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By Dennis Finocchiaro

With the start of 2012, everyone is thinking about resolutions; some plan to lose weight and exercise, others might want to try new things, start a hobby, hit that museum they keep thinking about…so I asked some of the WragsInk staff and the Philly Anthology authors about their writing/publishing resolutions for 2012. Here’s how they responded:

Rich Okewole, publisher extraordinaire, says

“My resolution is to do a better job of handling my task list on a daily basis and to constantly try to fix things from the day before.”

Dimeji Okewole, more of a list guy, says,

  • Ongoing improvement as a publisher.
  • Do more legwork (as much as possible).
  • Get to more local readings

Bill Freas of the story Baked Goods had this to say:

1. Adhere to style standards enough to be respected, but not so much you lose your soul.
 2. Develop characters rich enough that you actually would want to have a drink with them to get further in their brains.
 3. Only write stories that I NEED to tell and set the crap aside – those may turn from crap to gold next year.
 4. Stop letting the negative voices from outside my head get inside and make noise, thus disrupting the writing.
 5. Don’t feel constrained by genre – hybrids tend to be more effective anyway.

Jordyn Occhipinti – author of How Do You Like Your Deer Meat?, says

“My writing resolutions are: to quit making excuses, to quit being so scared, to be more daring, adventurous, precise and delicate, to be less embarrassed, to write so much more, to find some sort of comforting discomfort or discomforting comfort in truth and practice and commitment to craft, to find the time, to stop abusing the thesaurus, to stop avoiding the impulse, to finally share and to finally show.”

Kathryn Evans Ombaum, author of Fresh:

“My writing resolutions for 2012 are simple: write everyday in some
way.  I have my blog, my editing clients, my unfinished short stories,my recent trip to Kenya to get out of my head –  I have so much to do! So no excuses for too much Facebook and reality television, if I’m not working, caring for my child, or sleeping, why not write?”

John Fowler of the story Peephole, says,

“My resolution for 2012 is to break this writer’s block.  The last story that I wrote was over a year ago and that was for a creative writing class.  It was a lot easier to discipline myself when I knew I had a grade to earn.  Aside from procrastination, I also need to start reading more.  The more you read the better writer you become. ”

Eric McKinley, author of Lamar’s Inheritance:

“I have a couple of resolutions: 1). Make every character I write this year have one memorable moment. 2). Finish a first draft of the novel I’m working on.”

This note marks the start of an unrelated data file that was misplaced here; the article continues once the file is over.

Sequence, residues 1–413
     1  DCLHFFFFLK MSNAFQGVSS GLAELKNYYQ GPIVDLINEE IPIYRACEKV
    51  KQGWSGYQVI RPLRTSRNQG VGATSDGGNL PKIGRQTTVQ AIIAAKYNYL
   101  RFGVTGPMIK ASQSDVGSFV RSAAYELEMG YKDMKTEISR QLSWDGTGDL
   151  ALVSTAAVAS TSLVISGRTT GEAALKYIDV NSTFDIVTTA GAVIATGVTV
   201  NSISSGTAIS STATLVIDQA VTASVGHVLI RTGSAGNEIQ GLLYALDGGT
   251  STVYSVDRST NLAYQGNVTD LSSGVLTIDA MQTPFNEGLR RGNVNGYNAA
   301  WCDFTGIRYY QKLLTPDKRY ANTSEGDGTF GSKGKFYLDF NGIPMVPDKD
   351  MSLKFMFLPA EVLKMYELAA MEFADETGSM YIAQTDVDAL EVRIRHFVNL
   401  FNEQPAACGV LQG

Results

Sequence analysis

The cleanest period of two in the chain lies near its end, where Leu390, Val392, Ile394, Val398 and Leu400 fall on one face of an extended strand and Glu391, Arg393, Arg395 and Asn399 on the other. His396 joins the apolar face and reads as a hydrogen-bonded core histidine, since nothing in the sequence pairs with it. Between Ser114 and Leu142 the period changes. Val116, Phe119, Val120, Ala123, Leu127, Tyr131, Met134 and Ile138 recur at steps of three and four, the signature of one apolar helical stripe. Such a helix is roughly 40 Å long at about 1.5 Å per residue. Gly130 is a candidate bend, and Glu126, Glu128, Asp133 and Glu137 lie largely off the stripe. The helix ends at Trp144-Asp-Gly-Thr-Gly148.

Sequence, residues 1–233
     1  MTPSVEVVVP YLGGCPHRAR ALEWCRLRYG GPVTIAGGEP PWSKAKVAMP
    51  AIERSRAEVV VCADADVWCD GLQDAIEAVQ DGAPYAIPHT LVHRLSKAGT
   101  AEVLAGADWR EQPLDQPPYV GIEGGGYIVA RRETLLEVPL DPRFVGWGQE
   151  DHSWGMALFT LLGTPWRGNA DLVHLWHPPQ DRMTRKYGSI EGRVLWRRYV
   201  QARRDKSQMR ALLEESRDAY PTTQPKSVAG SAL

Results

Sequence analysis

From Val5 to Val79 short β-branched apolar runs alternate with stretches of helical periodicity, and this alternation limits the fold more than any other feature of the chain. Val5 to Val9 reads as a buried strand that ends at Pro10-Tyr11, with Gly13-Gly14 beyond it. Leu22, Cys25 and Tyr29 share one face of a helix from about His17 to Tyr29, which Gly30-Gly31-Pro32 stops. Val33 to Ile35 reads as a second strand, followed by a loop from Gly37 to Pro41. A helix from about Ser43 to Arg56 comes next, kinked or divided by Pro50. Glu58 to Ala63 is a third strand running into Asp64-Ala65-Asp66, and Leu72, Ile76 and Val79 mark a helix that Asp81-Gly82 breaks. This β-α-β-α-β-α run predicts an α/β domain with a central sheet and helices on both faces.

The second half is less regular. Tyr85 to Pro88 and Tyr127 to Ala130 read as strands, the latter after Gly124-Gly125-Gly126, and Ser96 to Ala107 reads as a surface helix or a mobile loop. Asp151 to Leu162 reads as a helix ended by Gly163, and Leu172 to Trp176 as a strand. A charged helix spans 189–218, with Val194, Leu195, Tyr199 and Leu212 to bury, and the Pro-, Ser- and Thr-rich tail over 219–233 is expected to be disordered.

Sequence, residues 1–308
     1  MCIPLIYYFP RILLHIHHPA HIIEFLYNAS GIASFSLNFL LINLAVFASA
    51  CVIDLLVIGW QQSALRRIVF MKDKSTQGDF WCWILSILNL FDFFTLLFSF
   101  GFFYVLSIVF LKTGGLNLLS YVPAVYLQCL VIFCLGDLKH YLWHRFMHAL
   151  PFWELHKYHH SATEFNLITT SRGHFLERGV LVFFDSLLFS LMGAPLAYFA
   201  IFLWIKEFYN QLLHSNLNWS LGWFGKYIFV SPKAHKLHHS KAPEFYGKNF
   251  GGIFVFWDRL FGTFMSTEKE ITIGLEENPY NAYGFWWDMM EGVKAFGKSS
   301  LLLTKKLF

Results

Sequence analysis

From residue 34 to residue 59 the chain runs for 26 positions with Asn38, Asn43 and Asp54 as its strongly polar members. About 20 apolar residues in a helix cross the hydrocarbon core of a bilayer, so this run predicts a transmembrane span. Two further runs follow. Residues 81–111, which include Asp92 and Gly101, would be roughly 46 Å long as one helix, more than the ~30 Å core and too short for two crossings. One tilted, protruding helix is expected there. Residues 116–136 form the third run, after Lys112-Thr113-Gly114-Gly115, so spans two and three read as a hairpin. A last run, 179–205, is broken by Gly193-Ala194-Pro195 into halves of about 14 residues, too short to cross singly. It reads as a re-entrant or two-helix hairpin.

Angela Marchesani of the short story Open had this to say:

“I resolve to continue practicing the verbal description of physical experiences—- something I struggle with and avoid.
I resolve to move forward with my book project and to take steps EACH day toward the final product.
I resolve to experiment with different types of writing and seek new arenas in which to share my writing.”
Steve Rauscher, author of New Face in Hell:

“I need to devote an hour a night to my writing so I can finish the novel I’ve been working on since 2008 by 2013!”

Shawn Proctor, author of Heartwood and another list guy, says:

1. Find an agent for first novel. Stop wondering why it took so long to finish.
2. Finish second novel.
3. When in the middle of a project, write according to the Michael Chabon’s writing plan: 5 days a week, 1,000 words a day. (Try it. Your mileage may vary.)
4. Submit three times for every rejection. Seriously.
5. Read writers who inspire me. Write them each a message thanking them for being amazing.
6. Write something so amazing another writer will send me a thank you message.

Robert Masciantonio of the short New Girl in Town had this to say:

“In 2012 I’d like to get a few literary and comic books out there.”

Alisha Ebling, author of The Letter:

“My New Year’s Resolution for writing is to just continue to do it every day, no matter what. The more practice, the better it gets, and the less likely your characters and story are to become something foreign that you can no longer relate to.”

So how about other authors out there? They always say it’s good that goals that have been written down are more likely to be achieved, why not comment here and let us know? Thanks for stopping by.

Anthology Philly is the upcoming collection of short stories by Philadelphia authors. Editor Dennis Finocchiaro, author of Capturing a Moment and The Z Word, chose the best of new authors from the area and WragsInk compiled them into a book.

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